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UK to expand COVID vaccine recalls amid omicron fears

LONDON (AP) – Britain is expanding its COVID-19 booster vaccine program to millions more as part of efforts to tackle the spread of the newer variant of omicron, which is believed to be more contagious and vaccine resistant.

The UK government said on Monday it would fully accept the revised recommendations from the independent body of scientists that advised it, the main one of which is that anyone between the ages of 18 and 39 should be offered a booster. So far, only people over the age of 40 as well as those deemed particularly vulnerable to the virus were eligible.

The change in advice means that around 13 million more people will be eligible for the vaccine. The UK has so far given around 17.5 million recalls.

In addition to expanding the rollout to the age group, the Joint Committee on Vaccination and Immunization also said that booster doses for all age groups should be given no earlier than three months after a second dose. This reduces the current wait by three months.

In another tip, the JCVI said young people between the ages of 12 and 15 should be offered a second dose of Pfizer vaccine, no earlier than 12 weeks after their first.

“With this new variant on the offensive, these measures will protect more people faster and protect us better as a nation,” Health Secretary Sajid Javid told lawmakers as he accepted the new advice.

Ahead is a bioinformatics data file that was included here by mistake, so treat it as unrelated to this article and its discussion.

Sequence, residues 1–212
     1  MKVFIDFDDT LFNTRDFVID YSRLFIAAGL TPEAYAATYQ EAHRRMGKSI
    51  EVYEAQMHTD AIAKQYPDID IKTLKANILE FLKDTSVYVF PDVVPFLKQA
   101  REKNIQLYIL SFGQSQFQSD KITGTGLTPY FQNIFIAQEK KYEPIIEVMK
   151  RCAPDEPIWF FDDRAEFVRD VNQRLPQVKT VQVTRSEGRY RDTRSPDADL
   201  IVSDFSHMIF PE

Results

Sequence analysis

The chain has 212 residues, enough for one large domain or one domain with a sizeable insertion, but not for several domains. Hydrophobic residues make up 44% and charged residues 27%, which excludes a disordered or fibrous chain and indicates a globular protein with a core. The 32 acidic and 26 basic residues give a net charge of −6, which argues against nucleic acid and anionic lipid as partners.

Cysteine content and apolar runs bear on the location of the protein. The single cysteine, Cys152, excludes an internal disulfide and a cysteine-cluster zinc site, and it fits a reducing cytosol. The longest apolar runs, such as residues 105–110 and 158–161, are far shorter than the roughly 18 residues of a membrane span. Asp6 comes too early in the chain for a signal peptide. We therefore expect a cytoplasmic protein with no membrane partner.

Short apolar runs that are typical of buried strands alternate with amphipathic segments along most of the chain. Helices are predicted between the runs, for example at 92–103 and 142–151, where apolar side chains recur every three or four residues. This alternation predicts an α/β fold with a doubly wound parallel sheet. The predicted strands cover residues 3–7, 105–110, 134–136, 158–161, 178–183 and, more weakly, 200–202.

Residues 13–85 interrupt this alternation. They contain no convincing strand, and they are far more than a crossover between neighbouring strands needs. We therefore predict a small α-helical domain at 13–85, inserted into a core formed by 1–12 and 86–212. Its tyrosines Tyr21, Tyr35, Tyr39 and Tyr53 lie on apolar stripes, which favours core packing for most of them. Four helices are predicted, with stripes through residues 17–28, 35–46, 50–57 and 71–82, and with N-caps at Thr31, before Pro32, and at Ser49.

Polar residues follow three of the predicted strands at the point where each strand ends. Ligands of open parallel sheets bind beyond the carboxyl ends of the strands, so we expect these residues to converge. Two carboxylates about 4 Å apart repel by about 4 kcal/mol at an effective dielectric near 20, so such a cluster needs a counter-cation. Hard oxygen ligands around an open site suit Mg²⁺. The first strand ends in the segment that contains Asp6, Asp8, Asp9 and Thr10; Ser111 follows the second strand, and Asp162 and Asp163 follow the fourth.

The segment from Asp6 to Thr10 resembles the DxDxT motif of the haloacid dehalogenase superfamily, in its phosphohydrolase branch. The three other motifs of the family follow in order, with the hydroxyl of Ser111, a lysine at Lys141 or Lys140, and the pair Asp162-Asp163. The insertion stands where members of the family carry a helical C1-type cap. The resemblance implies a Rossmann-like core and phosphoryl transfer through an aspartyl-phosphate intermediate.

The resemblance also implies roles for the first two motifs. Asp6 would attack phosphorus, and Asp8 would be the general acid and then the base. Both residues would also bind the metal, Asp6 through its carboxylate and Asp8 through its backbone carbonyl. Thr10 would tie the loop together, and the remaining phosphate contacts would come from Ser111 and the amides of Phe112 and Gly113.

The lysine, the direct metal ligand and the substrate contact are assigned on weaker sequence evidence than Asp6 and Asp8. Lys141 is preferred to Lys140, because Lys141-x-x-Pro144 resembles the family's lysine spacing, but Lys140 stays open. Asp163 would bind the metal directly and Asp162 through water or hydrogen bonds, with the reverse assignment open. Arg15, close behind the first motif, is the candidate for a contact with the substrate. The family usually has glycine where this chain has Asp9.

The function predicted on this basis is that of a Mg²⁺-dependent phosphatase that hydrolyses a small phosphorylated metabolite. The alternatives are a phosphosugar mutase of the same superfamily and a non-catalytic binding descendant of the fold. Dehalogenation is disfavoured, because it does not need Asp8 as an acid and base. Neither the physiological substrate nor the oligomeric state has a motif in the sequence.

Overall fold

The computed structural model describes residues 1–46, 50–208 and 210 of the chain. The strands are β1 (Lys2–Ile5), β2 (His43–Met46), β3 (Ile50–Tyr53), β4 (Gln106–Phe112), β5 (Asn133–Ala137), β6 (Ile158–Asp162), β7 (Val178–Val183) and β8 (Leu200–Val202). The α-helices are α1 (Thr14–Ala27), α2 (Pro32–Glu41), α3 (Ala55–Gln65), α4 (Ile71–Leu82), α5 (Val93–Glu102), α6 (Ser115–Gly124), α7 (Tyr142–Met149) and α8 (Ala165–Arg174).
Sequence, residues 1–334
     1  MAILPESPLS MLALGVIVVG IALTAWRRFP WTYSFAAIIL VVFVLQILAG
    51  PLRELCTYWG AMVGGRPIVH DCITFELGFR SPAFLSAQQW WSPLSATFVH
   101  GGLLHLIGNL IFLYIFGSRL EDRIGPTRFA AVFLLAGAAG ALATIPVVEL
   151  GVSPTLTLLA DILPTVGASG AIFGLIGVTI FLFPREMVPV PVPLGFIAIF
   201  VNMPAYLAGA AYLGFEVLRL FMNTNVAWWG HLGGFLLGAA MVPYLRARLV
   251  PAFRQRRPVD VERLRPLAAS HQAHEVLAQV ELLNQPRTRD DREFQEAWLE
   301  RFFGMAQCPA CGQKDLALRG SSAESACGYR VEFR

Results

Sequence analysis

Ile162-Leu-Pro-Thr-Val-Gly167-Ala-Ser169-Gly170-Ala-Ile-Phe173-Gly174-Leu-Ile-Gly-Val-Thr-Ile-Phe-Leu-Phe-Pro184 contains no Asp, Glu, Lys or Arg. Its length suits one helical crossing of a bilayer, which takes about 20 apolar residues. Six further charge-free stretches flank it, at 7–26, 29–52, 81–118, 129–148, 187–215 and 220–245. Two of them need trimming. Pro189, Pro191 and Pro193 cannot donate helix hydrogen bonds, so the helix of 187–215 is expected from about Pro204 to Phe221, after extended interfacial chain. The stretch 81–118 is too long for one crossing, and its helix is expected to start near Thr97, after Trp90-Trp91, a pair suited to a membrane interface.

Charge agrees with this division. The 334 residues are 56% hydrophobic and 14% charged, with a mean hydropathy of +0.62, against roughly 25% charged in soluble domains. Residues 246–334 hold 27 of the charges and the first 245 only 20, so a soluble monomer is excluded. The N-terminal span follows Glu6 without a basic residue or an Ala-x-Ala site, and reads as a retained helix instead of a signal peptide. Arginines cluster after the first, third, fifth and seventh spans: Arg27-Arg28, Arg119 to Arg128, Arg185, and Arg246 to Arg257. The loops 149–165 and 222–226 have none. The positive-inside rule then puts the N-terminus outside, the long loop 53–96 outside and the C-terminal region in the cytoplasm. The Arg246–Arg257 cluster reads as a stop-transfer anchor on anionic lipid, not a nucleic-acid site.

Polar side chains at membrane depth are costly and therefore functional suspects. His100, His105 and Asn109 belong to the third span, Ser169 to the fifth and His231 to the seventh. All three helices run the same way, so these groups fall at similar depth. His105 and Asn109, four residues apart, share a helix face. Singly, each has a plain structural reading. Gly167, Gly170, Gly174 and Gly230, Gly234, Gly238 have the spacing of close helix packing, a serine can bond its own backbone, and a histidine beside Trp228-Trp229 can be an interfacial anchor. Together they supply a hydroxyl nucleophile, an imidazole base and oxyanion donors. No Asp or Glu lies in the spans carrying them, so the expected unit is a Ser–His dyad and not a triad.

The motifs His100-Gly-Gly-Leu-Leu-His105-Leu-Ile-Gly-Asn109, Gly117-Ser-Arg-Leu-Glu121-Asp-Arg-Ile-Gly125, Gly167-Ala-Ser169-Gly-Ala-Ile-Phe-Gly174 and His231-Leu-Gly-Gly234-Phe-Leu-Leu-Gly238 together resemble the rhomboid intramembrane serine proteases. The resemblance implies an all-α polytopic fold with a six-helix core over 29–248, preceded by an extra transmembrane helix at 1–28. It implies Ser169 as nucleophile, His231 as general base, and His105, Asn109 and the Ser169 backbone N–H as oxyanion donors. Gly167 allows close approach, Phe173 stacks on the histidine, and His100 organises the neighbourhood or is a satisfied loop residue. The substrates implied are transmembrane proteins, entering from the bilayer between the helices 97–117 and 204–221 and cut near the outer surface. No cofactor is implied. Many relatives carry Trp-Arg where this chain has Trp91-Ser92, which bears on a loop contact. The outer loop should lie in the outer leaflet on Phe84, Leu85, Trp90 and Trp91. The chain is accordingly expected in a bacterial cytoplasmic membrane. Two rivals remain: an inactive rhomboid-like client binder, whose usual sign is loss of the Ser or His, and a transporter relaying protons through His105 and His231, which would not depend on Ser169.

The major overhaul of the recall rollout comes after six more cases were reported in Scotland and two in England. This brings the UK total to 11.

Scottish Prime Minister Nicola Sturgeon said all cases identified in Scotland were not linked to travel to countries in southern Africa, suggesting “some community transmission”.

The spread of the omicron variant, which has many more mutations than previous strains, has raised fears that the coronavirus pandemic will find new legs in the coming months. It will take a few weeks for scientists to better understand how the new variant spreads.

“We always said we would get a variant which worries us more,” said England deputy chief medical officer Jonathan Van-Tam. “We are at that point with omicron. He’s the new kid on the block for the moment.

Already, the British government has tightened the rules on wearing masks and testing arrivals in the country. British Prime Minister Boris Johnson said on Saturday that it was necessary to take “targeted and precautionary measures” in England.

The rest of the UK have put stricter rules in place in recent months after most lockdown restrictions were lifted. Sturgeon said she and her Welsh counterpart, Mark Drakeford, wrote to Johnson asking everyone arriving in the UK to self-isolate for at least eight days. Johnson said newcomers will need to take a high-quality PCR test before the end of their second day in the country and self-isolate until they test negative.

The new rules for England, which will see the wearing of masks mandatory in shops and public transport on Tuesday, but not in pubs and restaurants, are expected to be reviewed in three weeks. High school students in England are also advised to wear masks in common areas, such as hallways, but not in classrooms.

Van-Tam urged people to take the boosters and expressed hope that the vaccines will continue to contain serious illnesses even if they reduce the impact on infections.

“I’m asking people not to panic, but I’m not asking them to ignore the weather forecast altogether,” he said.

Copyright © 2021 The Washington Times, LLC.

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